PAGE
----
Key to the genera of the Bunchosia clade
1. Anthers poricidal, opening by oblique subapical pores; fruit dry and breaking apart into 3 mericarps at maturity, each mericarp bearing 4–10 flattened elongated lateral winglets and often a dorsal crest or winglet as well; palaeotropics.
1. Anthers dehiscing longitudinally by introrse slits (as in most Malpighiaceae); fruit fleshy and indehiscent or dry and dehiscent or indehiscent, when dehiscent the mericarps nearly smooth or bearing many long slender vascularized setae; neotropics.
2. Sepals all eglandular.
3. Leaves consistently opposite; vegetative hairs stellate (i.e., with a stalk and several branches); sepals completely concealing petals in enlarging bud; stamens glabrous; fruit rugose, each mericarp with a prominent dorsal ridge or rudimentary winglet but otherwise lacking outgrowths; southeastern Brazil and adjacent Paraguay and Bolivia.
3. Leaves alternate or alternate and opposite or rarely all opposite; vegetative hairs typically malpighiaceous (i.e., with a stalk and 2 branches); sepals leaving outermost petals exposed in enlarging bud; stamens densely hairy; fruit bearing many long slender vascularized setae; Mexico.
2. Sepals (the lateral 4 or all 5) bearing 8–10 large abaxial glands, these only very rarely rudimentary.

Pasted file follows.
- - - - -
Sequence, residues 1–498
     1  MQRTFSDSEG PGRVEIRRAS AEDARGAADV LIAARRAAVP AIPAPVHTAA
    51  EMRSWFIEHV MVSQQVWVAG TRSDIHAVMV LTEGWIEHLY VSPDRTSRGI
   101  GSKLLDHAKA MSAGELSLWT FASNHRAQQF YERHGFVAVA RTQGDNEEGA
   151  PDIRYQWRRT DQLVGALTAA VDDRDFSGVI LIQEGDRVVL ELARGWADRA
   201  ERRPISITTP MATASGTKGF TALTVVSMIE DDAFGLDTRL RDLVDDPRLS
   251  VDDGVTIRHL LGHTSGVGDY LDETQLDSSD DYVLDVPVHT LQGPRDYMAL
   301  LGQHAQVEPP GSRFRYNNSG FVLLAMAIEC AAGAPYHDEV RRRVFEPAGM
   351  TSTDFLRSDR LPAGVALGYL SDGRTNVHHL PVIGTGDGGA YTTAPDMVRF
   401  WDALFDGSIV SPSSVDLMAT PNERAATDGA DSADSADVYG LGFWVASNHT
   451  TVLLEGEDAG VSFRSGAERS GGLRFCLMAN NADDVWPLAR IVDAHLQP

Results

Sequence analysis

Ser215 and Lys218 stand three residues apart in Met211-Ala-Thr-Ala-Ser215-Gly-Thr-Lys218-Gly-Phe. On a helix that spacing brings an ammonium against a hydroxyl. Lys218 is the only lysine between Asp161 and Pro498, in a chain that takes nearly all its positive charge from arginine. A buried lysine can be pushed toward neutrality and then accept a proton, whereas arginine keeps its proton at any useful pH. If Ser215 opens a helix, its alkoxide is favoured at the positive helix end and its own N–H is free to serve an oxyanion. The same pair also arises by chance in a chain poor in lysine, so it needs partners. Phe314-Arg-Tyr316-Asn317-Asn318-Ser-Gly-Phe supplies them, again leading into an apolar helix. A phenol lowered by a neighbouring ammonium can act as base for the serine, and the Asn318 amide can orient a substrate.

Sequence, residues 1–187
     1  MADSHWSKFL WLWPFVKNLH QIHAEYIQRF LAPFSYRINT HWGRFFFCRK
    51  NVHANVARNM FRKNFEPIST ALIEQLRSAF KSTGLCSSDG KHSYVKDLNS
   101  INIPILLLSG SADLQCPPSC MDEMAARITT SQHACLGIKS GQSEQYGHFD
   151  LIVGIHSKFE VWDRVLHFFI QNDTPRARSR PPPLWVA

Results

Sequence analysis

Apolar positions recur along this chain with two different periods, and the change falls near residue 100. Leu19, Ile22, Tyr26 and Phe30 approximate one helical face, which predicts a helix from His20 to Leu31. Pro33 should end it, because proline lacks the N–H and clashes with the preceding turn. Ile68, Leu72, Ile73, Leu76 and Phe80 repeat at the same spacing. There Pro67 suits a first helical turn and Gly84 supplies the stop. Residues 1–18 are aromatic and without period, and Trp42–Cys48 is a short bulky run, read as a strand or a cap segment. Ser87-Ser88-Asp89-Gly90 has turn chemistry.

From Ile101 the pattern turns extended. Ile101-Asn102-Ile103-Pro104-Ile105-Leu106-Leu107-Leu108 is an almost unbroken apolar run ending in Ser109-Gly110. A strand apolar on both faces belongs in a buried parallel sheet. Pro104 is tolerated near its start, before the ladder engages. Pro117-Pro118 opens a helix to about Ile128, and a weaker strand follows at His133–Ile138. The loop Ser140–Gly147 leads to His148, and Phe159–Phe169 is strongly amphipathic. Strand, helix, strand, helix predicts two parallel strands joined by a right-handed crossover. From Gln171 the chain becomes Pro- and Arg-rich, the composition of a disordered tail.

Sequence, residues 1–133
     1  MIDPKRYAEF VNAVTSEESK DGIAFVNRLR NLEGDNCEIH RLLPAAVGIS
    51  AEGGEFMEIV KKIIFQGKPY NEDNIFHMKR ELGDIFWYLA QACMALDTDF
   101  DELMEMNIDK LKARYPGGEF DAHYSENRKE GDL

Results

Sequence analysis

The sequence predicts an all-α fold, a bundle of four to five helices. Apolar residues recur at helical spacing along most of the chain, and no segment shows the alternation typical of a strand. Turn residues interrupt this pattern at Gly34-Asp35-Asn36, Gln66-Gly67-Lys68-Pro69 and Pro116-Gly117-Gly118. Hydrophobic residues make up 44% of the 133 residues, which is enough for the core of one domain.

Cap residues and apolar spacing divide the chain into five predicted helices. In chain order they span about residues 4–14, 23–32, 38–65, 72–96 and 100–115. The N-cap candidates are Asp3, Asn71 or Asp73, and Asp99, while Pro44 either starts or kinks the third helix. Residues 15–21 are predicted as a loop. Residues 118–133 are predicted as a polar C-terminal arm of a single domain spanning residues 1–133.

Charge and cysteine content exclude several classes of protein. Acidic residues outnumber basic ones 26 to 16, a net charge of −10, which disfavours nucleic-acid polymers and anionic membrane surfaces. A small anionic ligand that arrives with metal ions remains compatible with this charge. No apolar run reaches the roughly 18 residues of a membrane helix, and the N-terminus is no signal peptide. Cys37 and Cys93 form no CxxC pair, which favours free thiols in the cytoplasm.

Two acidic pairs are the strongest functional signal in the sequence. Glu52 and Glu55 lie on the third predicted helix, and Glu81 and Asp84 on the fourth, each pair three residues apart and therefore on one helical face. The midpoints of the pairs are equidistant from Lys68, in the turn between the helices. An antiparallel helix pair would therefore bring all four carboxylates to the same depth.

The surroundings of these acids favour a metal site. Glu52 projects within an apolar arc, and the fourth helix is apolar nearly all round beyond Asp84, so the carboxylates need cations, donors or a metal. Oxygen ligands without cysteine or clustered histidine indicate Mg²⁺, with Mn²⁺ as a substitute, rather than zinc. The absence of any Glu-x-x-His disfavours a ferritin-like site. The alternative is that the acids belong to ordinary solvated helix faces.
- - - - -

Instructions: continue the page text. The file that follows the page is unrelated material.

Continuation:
4. Trees or shrubs; calyx glands sessile; glands on lamina of leaves (if present) impressed in abaxial surface; fruit fleshy, indehiscent; throughout the neotropics from Mexico and the Caribbean to southern South America.
4. Woody vines, occasionally described as shrubs or small trees; calyx glands peltate, raised on stout stalks; glands on lamina of leaves borne on margin near base; fruit dry, dehiscent; Cuba and southern South America.
5. Petals abaxially densely appressed-tomentose on claw and whole surface of limb; mericarps bearing many long slender vascularized setae; Cuba.
5. Petals abaxially only thinly sericeous on claw and proximally on midrib of limb; mericarps smooth-sided, the only outgrowth a rudimentary dorsal crest; southern Brazil, Paraguay, and northeastern Argentina.